Before 1975, most chefs were antisocial proles. They kept to their kitchens, wielding terror, and sometimes genius, behind the swing doors. It was restaurateurs—most famously Henri Soulé at Le Pavillon and Sirio Maccioni at Le Cirque—who were the bearers of their establishments’ glory, lubing up VIP guests till they gleamed like aspic. But by the early 1980s, Jeremiah Tower, whose legacy as a founder of California Cuisine and New American cooking is the focus of a newly released documentary and a revised edition of his memoirs, had put stardom within the scope of a chef.

By all rights Tower was America’s first kitchen celebrity, when that meant more than having a signature look and the skills to bang out 30-minute chili on TV. He was a defining voice in the early years of Chez Panisse, who went on to open Stars in San Francisco in 1984. The visible center of his restaurant, Tower charmed and elevated in a kitchen exposed like the stage at a theater in the round. He was tall, svelte, and elegantly ruddy in whites. He knew how to work a room, flattering socialites, laughing with drag queens, throwing an arm around James Beard or Rudolf Nureyev. He spoke with an accent you couldn’t place (sort of Connecticut country club, gilded with public-school England) but you knew it belonged to a man who had seen and tasted things you never would.

“They were the first fuckable chefs,” Anthony Bourdain told me last year, as he talked about Tower, Marco Pierre White, and the changes of the 1980s. Bourdain is executive producer of the Tower documentary, The Last Magnificent. Directed by Lydia Tenaglia, it premiered last year at the Tribeca Film Festival; its theatrical release began this past Friday, April 21, in New York and Los Angeles. Earlier this month, Bourdain’s imprint for Ecco published Tower’s revised memoirs, Start the Fire: How I Began a Food Revolution in America. Tower’s original memoir, California Dish: What I Saw (and Cooked) at the American Culinary Revolution, rolled out in 2003. Since Kitchen Confidential, Bourdain's mission has been to explicate the culture of cooks. In Tower—as with Norman Van Aken, the Florida chef who formalized "fusion cuisine" in the 1980s—Bourdain saw a seminal chef the food establishment had pretty much left for dead.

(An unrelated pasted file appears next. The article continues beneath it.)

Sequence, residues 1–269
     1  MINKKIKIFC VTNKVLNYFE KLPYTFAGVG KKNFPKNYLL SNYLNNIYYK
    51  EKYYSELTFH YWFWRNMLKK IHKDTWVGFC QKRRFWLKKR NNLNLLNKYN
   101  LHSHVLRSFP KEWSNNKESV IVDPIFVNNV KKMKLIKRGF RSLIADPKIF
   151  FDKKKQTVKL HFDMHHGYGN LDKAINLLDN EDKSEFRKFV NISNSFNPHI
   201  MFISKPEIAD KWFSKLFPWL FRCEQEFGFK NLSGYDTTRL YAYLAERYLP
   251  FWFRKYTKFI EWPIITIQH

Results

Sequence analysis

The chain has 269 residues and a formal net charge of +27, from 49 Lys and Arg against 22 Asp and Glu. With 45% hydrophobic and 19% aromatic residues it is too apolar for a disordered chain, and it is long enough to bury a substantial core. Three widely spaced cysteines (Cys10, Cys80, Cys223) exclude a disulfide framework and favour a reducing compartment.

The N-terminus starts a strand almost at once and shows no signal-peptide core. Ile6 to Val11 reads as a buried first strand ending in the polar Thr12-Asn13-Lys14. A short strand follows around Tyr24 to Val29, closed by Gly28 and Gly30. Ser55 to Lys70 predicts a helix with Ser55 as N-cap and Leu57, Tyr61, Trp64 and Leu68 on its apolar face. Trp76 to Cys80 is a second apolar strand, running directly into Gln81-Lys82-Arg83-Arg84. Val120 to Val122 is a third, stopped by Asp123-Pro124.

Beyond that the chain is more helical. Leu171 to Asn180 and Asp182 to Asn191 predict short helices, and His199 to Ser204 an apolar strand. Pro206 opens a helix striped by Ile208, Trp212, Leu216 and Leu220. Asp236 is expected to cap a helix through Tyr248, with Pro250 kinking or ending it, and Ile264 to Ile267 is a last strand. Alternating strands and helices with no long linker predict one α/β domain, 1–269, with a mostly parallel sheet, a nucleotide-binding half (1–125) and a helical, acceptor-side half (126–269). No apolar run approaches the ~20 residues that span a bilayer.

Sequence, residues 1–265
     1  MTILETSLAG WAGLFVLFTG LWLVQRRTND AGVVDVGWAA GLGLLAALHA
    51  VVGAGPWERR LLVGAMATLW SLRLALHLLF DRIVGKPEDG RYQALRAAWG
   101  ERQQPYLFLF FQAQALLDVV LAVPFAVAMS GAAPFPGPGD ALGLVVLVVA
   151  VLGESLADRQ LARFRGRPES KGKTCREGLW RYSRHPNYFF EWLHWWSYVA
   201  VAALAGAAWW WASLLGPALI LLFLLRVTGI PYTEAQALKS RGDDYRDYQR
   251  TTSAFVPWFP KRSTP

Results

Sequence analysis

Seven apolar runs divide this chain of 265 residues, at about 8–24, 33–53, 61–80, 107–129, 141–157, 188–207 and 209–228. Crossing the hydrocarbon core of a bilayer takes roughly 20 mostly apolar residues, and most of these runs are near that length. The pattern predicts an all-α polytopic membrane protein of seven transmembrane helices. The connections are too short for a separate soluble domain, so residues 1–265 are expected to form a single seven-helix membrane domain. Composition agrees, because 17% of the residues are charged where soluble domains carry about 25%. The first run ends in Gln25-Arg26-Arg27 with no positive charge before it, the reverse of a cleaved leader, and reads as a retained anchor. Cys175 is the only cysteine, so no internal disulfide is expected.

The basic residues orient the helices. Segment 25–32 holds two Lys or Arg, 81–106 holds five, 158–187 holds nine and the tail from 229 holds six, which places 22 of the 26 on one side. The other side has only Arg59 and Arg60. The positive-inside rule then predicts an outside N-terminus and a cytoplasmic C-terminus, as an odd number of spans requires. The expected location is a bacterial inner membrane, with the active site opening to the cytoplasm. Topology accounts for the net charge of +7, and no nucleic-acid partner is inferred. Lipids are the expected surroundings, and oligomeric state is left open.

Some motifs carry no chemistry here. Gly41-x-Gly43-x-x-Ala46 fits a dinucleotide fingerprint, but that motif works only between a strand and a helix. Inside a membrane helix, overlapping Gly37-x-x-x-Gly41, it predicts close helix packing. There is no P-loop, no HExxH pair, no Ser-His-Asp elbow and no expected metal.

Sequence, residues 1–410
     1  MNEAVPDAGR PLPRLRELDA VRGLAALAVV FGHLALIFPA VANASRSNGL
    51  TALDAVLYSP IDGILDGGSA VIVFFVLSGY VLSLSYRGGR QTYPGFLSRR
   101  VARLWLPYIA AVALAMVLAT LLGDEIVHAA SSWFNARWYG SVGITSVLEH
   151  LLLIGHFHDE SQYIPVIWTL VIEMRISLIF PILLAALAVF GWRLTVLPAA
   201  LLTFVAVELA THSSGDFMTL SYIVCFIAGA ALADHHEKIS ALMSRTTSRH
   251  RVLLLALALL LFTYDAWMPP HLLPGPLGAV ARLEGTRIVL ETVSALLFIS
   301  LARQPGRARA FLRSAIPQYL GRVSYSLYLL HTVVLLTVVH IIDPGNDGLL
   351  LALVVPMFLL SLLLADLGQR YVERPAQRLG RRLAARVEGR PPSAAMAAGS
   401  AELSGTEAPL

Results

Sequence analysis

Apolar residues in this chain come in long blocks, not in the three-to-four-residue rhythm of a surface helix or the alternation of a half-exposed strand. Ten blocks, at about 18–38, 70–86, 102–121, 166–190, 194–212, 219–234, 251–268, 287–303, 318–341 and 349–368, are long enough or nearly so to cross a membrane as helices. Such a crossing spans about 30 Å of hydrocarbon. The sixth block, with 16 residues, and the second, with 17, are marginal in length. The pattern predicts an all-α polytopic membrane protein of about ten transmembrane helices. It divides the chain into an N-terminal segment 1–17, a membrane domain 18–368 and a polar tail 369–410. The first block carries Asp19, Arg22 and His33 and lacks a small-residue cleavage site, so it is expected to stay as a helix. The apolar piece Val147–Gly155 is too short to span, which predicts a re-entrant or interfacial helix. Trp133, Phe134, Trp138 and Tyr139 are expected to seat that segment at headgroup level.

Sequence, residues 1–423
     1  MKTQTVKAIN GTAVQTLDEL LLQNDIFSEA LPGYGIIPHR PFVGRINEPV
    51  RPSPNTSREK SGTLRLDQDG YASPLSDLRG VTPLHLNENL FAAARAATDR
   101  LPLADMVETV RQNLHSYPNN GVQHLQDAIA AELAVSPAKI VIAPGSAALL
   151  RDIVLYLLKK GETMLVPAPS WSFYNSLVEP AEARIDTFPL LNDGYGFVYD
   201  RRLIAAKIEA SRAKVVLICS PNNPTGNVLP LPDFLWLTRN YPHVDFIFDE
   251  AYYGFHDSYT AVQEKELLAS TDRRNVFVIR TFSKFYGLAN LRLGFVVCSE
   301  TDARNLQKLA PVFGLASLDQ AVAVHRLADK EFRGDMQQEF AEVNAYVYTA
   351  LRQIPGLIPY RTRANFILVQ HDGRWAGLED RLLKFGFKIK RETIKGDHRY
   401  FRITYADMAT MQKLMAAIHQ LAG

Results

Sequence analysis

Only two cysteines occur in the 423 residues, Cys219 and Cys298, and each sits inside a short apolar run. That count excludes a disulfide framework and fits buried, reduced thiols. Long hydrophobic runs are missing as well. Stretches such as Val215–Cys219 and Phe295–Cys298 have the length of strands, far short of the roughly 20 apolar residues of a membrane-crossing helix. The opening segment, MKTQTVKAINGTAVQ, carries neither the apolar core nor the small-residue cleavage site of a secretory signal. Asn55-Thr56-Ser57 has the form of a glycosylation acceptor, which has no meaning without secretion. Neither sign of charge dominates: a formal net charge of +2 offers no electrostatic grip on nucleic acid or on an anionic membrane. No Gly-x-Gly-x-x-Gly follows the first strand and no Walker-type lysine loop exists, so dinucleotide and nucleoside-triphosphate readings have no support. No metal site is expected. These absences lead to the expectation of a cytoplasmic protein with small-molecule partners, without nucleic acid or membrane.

“By all rights Tower was America’s first kitchen celebrity, when that meant more than having a signature look and the skills to bang out 30-minute chili on TV.”

Tower was one of the most influential chefs of the 1970s and ‘80s, but by the 1990s much of the food world, fascinated by Emeril and The Frugal Gourmet, had lost interest. When Tower resurfaced on social media in 2010, tweeting from Merida and Cozumel, in Mexico, it was as if he’d returned from exile. His talk at the MAD symposium in Copenhagen in 2014 played like a homecoming.

The title of Tenaglia and Bourdain’s film is a tweak of "The Last Magnifico," the name of a 1998 Gourmet profile by James Villas of Lucius Beebe. Beebe, who died in 1966, was an opulently swank, unapologetically queer columnist, a chronicler of Manhattan’s café society in the early twentieth century. In Start the Fire, Tower acknowledges his debt to Beebe as the example of a man who fashioned his life as a fuck-you to narrow convention: “‘If anything is worth doing,’ [Beebe] once said, ���it is worth doing in style and on your own terms—and nobody goddamned else’s.’”

Besides Alice Waters, no other goddamned chef still alive has Tower’s history, or can claim to be a bridge between the present and the vanished twentieth-century world of Beard, Richard Olney, and Elizabeth David, Tower’s friends and mentors. To read the dishes that shaped his career is to brush, like an archeologist, through a stratigraphy of pike timbales and truffled capons, only a degree or two removed from Fernand Point, Curnonsky, and the founders of modern cuisine. 

Here are the 10 dishes that shaped Jeremiah Tower's career.